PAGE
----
Currently at a 10 day intensive on Neuroscience and Society at the University of Pennsylvania called the Neuroscience Bootcamp
After a basic introduction to Neuroscience the last two days were focused on research methodology, particularly around the fMRI (physics of how fMRI works as well as reserach approaches). The group consists of legal professionals and professors of law, philosophers, art historians, economists, behavioral science specialists, science writers, educators, and policy makers… and a colleague Fred Eddie who teaches CE, liturgy, and Youth at Duke Divinity School. Will be posting both on twitter and DC Facebook group as I go.
Interesting conversation at the end of yesterday as to why the pictures from fMRI studies seem so compelling. Dr. Geoffrey K. Aguirre (MD, PhD and leading fMRI researcher) noted the power of the machines, the ability to “smooth out” (rightfully) images so they look like they are an organic part of the brain, and societies proclivites to believe more once they see it, probably lends to this phenomenon. Eddie noted that fMRI imagery can prove iconic in a societal “liturgy” of science and health. Eddie was borrowing from James K Smith’s work but this was a powerful insight I think to the formative power within this body of research.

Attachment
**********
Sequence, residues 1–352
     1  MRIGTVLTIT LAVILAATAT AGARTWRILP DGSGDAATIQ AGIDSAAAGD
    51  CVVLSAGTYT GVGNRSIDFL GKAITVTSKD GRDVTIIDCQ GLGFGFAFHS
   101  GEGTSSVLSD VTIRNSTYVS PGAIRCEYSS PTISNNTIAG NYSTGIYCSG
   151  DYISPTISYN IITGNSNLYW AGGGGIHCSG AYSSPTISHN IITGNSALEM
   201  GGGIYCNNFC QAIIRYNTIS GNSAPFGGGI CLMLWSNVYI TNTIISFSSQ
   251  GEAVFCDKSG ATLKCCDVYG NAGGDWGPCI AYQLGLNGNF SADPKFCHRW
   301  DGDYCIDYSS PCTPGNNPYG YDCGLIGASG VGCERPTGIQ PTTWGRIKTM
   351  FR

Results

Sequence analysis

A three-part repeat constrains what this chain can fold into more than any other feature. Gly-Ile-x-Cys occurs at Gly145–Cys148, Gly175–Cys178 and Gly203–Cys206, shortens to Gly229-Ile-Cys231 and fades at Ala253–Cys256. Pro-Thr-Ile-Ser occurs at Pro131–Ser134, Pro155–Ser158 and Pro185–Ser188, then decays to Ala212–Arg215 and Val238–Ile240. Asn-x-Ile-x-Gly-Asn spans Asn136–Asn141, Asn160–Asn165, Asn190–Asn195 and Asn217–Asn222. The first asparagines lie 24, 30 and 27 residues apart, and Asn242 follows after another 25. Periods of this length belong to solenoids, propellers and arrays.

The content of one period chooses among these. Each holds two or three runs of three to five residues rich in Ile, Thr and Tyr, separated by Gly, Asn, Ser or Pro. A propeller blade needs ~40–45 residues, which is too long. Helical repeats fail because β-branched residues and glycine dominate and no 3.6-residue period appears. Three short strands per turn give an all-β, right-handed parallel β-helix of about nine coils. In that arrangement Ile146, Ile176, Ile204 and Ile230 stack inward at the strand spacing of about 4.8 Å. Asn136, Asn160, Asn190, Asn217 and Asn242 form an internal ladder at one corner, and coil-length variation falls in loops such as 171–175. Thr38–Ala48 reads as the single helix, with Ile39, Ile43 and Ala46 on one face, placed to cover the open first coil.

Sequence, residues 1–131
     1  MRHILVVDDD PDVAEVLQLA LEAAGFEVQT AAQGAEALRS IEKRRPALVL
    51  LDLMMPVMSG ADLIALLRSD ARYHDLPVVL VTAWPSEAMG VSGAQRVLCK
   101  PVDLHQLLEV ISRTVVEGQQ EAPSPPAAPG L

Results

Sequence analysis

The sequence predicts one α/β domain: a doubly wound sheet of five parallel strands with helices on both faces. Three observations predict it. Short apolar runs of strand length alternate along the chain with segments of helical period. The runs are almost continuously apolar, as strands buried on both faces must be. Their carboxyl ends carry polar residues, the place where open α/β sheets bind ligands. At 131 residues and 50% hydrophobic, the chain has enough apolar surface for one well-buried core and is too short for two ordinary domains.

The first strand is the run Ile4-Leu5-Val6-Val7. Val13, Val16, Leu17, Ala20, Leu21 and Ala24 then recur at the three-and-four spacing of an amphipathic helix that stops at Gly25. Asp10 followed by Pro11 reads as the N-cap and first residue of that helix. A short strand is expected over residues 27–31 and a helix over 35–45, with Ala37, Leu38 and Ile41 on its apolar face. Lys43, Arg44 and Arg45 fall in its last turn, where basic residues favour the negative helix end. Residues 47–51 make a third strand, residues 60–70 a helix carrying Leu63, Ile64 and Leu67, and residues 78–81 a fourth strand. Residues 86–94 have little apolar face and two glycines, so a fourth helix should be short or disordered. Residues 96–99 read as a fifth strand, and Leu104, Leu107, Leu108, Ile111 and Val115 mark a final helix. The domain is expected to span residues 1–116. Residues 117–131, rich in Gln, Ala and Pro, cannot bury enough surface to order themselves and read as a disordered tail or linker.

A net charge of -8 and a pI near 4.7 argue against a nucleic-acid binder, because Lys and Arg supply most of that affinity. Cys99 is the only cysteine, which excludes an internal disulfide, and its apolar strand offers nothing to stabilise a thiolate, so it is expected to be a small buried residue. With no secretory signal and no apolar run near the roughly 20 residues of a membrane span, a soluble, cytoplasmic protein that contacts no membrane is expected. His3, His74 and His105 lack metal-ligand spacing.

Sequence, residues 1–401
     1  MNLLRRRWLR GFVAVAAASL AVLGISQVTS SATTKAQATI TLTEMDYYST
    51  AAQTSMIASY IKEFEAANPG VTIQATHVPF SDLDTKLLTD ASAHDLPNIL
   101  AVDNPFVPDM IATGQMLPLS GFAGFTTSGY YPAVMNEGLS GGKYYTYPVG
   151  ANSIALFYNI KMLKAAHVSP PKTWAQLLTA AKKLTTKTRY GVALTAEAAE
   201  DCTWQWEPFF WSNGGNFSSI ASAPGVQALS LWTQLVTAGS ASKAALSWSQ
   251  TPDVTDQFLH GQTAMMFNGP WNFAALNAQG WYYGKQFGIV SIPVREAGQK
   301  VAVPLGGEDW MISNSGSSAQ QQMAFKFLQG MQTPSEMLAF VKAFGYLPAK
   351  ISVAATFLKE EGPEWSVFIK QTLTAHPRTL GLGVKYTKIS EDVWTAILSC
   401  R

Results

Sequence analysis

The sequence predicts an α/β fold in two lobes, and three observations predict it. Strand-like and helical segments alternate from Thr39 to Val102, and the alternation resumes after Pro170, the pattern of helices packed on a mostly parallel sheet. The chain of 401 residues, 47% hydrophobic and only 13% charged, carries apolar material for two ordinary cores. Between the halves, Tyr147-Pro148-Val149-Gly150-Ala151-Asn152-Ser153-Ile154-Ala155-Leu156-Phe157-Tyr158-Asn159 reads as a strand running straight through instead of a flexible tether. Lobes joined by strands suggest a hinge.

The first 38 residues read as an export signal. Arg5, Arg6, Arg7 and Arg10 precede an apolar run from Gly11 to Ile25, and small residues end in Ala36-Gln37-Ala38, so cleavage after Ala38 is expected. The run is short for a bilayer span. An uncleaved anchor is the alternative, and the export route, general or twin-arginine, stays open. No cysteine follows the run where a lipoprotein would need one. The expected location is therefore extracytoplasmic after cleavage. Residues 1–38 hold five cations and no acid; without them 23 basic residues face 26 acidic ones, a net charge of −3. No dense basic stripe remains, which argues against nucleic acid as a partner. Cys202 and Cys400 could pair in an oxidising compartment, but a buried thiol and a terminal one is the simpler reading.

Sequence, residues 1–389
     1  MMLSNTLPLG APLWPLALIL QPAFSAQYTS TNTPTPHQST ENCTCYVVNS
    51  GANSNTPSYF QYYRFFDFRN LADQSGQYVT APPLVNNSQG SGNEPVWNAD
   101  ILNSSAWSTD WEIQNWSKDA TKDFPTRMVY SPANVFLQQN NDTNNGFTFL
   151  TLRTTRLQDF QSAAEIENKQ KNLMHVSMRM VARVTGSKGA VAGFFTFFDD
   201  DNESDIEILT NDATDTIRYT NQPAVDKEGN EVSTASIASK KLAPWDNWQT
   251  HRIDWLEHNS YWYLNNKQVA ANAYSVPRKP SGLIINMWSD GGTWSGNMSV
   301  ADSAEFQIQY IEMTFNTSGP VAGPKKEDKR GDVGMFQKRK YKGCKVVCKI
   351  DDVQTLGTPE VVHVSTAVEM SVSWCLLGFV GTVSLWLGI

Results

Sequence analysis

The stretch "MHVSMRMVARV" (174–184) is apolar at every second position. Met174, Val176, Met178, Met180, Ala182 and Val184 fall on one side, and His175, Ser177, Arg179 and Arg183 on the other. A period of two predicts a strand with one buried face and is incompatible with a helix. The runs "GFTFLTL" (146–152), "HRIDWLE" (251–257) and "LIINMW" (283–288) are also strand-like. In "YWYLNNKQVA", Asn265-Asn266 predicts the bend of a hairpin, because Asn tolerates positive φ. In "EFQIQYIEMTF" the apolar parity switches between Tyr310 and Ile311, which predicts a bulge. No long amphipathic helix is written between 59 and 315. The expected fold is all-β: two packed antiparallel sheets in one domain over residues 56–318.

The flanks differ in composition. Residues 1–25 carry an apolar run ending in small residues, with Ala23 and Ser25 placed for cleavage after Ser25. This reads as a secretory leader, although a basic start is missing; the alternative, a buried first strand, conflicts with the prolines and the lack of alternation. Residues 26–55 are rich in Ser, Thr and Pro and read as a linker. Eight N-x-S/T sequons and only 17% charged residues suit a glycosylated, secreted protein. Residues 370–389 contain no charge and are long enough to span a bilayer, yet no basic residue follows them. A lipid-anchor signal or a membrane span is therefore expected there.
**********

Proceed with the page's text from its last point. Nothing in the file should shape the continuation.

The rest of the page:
A lot of great information also about the science. I now have a much better understanding of the workings of fMRI machines (their different strengths and abilities) as well as stronger understanding of the statistical variables that go into these studies (and a bit more info to discern good from bad studies). The implications for education, formation, and therapy will be following but this gathering is eye opening. More later.